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FROM : Pankaj Dongre


Keeping in view the experience of even strong and developed economies the world over, it is no denying the fact that financial market is extremely volatile by nature. Indian financial market is not an exception to this phenomenon. The attendant risk arising out of the volatility and complexity of the financial market is an important concern for financial analysts. As a result, the logical need is for those financial instruments which allow fund managers to better manage or reduce these risks. Out of various risks, Credit Risk and Interest Rate risk are the two core risks, which are commonly acknowledged by various categories of Financial Institutions particularly banks. Effective management of these core risks is a critical factor in comprehensive risk management and is essential for the long-term financial health of business organizations, especially banks. With gradual liberalization of Indian financial system and the growing integration among markets, the risks associated with operations of banks and All India Financial Institutions have become increasingly complex, requiring strategic management. In keeping with spirit of the guidelines on Asset-Liability Management (ALM) systems and on integrated risk management systems, it is very much required to design risk management architecture, taking into consideration the size, complexity of business, risk philosophy, market perception and the level of capital. In addition, fine-tuning the risk management system to deal with credit and market risk is also the need of the hour. For enabling the banks and the financial institutions, among others, to manage their risk effectively, the concept of derivatives comes into picture.

The emergence of the market for derivative products, most notably forwards, futures and options, can be traced back to the willingness of risk-averse economic agents to guard themselves against uncertainties arising out of fluctuations in asset prices. By their very nature, the financial markets are marked by a very high degree of volatility.

Through the use of derivative products, it is possible to partially or fully transfer price risks by lockingin asset prices. As instruments of risk management, these generally do not influence the fluctuations in the underlying asset prices. However, by locking-in asset prices, derivative products minimize the impact of fluctuations in asset prices on the profitability and cash flow situation of risk-averse investors.


A derivative is a financial instrument, which derives its value from some other financial price. This other financial price is called the underlying. The underlying asset can be equity, FOREX, commodity or any other asset. A wheat farmer may wish to contract to sell his harvest at a future date to eliminate the risk of a change in prices by that date. The price for such a contract would obviously depend upon the current spot price of wheat. Such a transaction could take place on a wheat forward market. Here, the wheat forward is the derivative and wheat on the spot market is the underlying. The terms derivative contract, derivative product, or derivative are used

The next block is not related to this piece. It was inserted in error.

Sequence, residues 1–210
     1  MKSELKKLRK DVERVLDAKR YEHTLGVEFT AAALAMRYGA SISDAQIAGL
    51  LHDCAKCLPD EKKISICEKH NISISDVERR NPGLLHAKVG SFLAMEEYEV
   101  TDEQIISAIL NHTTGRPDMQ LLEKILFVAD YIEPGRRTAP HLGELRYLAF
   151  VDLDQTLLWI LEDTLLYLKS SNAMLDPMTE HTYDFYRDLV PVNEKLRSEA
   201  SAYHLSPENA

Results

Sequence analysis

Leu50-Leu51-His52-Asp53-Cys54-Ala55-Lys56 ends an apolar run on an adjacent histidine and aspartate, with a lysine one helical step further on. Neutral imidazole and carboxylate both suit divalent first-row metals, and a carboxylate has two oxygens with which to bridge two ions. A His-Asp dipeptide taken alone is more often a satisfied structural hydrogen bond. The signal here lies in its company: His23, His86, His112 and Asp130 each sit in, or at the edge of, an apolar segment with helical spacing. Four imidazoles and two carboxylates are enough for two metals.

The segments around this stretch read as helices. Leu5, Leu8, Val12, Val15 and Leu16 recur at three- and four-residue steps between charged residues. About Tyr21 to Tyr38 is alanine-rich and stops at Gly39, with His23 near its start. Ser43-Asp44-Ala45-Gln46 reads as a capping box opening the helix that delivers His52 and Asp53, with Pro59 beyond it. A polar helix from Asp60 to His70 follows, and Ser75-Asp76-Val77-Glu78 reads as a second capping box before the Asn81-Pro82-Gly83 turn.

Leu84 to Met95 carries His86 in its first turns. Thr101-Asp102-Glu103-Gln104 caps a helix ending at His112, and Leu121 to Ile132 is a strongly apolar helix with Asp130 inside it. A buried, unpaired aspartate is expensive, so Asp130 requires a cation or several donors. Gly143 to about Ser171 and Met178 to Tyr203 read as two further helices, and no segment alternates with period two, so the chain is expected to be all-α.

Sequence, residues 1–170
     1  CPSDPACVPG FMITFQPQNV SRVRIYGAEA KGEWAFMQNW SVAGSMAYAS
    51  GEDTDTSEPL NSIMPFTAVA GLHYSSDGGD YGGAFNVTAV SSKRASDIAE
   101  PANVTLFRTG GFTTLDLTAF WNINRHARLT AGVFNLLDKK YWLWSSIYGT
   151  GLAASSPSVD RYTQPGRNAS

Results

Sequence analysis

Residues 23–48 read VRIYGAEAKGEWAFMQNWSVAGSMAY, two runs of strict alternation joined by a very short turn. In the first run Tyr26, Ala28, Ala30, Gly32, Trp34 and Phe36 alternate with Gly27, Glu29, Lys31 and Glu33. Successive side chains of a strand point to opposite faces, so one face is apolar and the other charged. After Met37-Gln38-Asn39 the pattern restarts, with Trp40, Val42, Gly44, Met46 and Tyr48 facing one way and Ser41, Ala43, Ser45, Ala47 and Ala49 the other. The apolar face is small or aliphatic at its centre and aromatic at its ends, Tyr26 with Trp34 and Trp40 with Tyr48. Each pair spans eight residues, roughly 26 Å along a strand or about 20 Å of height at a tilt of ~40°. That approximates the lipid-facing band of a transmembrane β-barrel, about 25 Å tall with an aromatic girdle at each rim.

interchangeably. The most important derivatives are futures and options.

Example: A very simple example of derivatives is curd, which is derivative of milk. The price of curd depends upon the price of milk, which in turn depends upon the demand, and supply of milk. See it this way. American depository receipts/ global depository receipts of ICICI, Satyam and Infosys traded on stock exchanges in the USA and England have their own values? No. They draw their price from the underlying shares traded in India. Consider how the value of mutual fund units changes on a day-to-day basis. Dont mutual fund units draw their value from the value of the portfolio of securities under the schemes? Arent these examples of derivatives? Yes, these are.

And you know what; these examples prove that derivatives are not so new to us. Nifty options and futures, Reliance futures and options, Satyam futures and options etc are all examples of derivatives. Futures and options are the most common and popular form of derivatives. HISTORY OF DERIVATIVES:The derivatives markets has existed for centuries as a result of the need for both users and producers of natural resources to hedge against price fluctuations in the underlying commodities. India has been trading derivatives contracts in silver, gold, spices, coffee, cotton and oil etc for decades in the gray market. Trading derivatives contracts in organized market was legal before Morarji Desais government banned forward contracts. Derivatives on stocks were traded in the form of Teji and Mandi in unorganized markets. Recently futures contract in various commodities was allowed to trade on exchanges. In June 2000, NSE and BSE started trading in futures on Sensex and Nifty.

Options trading on Sensex and Nifty commenced in June 2001. Very soon thereafter trading began on options and futures in 31 prominent stocks in the month of July and November respectively. The market lots keeps on changing from time to time. The minimum quantity you can trade in is one market lot.